TUESDAY, May 10, 2022 (HealthDay News) — Hearing, vision and dual sensory impairment are associated with cognitive impairment in older adults, according to a study published online April 29 in the Journal of Alzheimer’s Disease Reports.
Esme Fuller-Thompson, Ph.D., of the University of Toronto, and colleagues conducted a secondary analysis of a combination of 10 consecutive waves of the nationally representative American Community Survey from 2008 to 2017, including a sample of 5.4 million people living in the community. and institutionalized elderly people aged 65 and over. Associations between hearing impairment, visual impairment and dual sensory impairment with cognitive impairment were examined.
The researchers found that older adults with hearing impairment alone had more than double the risk of cognitive impairment after controlling for age, race, education and income (odds ratio, 2.66), while that the risk of cognitive impairment was more than tripled for those with only visual impairment (odds ratio, 3.63). The risks of cognitive impairment were increased more than eightfold in older adults with dual sensory impairment (odds ratio of 8.16). Within each age and sex cohort, the trends were similar.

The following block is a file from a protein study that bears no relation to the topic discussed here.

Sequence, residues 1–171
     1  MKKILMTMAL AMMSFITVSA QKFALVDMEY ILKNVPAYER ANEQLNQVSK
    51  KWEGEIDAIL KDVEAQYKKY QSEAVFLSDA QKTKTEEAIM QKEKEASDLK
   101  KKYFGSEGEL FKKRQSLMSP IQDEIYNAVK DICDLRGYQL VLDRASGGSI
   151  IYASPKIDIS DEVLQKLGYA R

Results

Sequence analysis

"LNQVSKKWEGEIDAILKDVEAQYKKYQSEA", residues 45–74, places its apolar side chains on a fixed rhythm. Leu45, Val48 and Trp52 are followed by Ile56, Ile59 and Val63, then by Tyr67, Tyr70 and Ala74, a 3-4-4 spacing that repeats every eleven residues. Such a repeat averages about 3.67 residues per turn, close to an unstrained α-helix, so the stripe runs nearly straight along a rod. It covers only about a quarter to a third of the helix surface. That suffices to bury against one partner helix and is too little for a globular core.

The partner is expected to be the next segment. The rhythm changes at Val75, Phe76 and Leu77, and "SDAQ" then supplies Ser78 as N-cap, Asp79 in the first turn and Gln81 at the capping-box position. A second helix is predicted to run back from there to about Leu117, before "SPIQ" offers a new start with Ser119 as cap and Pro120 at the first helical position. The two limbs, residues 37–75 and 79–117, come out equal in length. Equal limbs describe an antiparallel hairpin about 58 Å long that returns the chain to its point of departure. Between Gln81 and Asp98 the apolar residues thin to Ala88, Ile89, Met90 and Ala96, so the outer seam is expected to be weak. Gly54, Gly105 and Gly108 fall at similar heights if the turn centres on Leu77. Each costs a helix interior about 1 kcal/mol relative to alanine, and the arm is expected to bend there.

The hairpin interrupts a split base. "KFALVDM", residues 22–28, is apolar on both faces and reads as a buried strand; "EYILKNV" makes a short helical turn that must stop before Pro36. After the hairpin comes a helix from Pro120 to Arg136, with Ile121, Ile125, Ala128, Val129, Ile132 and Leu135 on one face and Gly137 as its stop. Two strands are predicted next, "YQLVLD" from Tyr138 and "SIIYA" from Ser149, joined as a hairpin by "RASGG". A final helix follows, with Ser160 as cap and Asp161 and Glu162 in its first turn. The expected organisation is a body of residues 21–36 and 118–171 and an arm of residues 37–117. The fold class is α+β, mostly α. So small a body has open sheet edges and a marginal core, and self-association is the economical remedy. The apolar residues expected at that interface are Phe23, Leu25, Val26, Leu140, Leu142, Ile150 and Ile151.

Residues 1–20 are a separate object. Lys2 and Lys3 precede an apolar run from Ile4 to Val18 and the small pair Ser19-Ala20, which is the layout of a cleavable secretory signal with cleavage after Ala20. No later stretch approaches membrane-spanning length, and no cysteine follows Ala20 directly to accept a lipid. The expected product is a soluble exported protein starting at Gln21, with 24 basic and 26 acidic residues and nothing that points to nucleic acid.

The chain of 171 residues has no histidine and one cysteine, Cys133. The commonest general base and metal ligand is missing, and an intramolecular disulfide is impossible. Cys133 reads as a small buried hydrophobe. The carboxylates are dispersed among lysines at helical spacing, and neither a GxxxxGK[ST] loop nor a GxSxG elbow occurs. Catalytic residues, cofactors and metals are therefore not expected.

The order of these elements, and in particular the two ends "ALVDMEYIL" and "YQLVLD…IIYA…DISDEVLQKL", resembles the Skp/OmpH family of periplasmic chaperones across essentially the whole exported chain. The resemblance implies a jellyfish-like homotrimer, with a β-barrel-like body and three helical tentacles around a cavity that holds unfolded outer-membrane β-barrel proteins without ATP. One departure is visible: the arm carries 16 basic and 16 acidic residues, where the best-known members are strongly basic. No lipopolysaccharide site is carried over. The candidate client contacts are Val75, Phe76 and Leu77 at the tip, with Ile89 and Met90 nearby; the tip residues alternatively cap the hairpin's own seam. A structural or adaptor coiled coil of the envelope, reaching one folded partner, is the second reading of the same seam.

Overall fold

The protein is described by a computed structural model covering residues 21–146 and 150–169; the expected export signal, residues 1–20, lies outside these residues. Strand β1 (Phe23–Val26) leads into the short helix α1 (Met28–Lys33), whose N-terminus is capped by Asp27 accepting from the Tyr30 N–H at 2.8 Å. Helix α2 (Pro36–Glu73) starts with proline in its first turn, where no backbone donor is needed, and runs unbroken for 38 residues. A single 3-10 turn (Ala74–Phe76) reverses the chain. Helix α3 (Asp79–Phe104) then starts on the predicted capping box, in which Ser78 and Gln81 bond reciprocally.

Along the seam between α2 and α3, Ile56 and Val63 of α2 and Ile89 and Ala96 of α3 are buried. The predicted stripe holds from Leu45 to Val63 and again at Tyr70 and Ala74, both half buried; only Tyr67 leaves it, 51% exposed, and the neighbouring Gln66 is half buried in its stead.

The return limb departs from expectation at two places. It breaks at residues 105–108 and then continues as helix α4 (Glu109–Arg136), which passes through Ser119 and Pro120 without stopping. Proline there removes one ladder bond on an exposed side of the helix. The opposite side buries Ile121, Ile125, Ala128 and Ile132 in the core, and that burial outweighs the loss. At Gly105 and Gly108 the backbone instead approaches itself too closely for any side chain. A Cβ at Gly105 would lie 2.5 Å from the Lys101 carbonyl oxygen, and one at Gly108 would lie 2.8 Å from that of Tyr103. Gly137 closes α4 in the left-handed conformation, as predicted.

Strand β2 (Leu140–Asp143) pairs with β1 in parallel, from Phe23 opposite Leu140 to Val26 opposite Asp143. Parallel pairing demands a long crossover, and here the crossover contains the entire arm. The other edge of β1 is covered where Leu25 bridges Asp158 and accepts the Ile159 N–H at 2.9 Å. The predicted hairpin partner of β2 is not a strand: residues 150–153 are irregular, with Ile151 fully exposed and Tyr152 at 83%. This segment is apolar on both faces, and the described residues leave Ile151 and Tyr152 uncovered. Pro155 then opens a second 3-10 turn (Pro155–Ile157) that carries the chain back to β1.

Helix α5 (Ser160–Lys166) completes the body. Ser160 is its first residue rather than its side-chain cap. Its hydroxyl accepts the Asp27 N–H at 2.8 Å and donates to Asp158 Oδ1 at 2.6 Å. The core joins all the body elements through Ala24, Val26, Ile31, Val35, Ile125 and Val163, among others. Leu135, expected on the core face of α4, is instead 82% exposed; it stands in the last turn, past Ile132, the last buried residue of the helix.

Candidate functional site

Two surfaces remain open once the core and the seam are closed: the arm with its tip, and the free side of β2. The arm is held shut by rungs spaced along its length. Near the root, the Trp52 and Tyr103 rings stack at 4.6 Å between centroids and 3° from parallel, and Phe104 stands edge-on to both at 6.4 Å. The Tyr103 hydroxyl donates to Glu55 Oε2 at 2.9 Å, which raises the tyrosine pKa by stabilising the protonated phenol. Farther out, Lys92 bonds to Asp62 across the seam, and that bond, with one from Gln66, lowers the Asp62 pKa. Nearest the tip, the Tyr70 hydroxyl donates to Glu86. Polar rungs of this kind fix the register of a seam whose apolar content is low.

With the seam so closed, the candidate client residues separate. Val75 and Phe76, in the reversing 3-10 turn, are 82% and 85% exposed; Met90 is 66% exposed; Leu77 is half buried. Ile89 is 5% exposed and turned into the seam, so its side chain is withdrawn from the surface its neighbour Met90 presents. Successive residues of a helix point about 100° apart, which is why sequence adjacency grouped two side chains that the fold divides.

“Dual sensory impairment prevents an individual from compensating for the loss of one sense through the use of another,” a co-author said in a statement. “Our findings underscore the need to reach out to older adults with dual sensory impairment, to assess whether there are opportunities for early intervention.”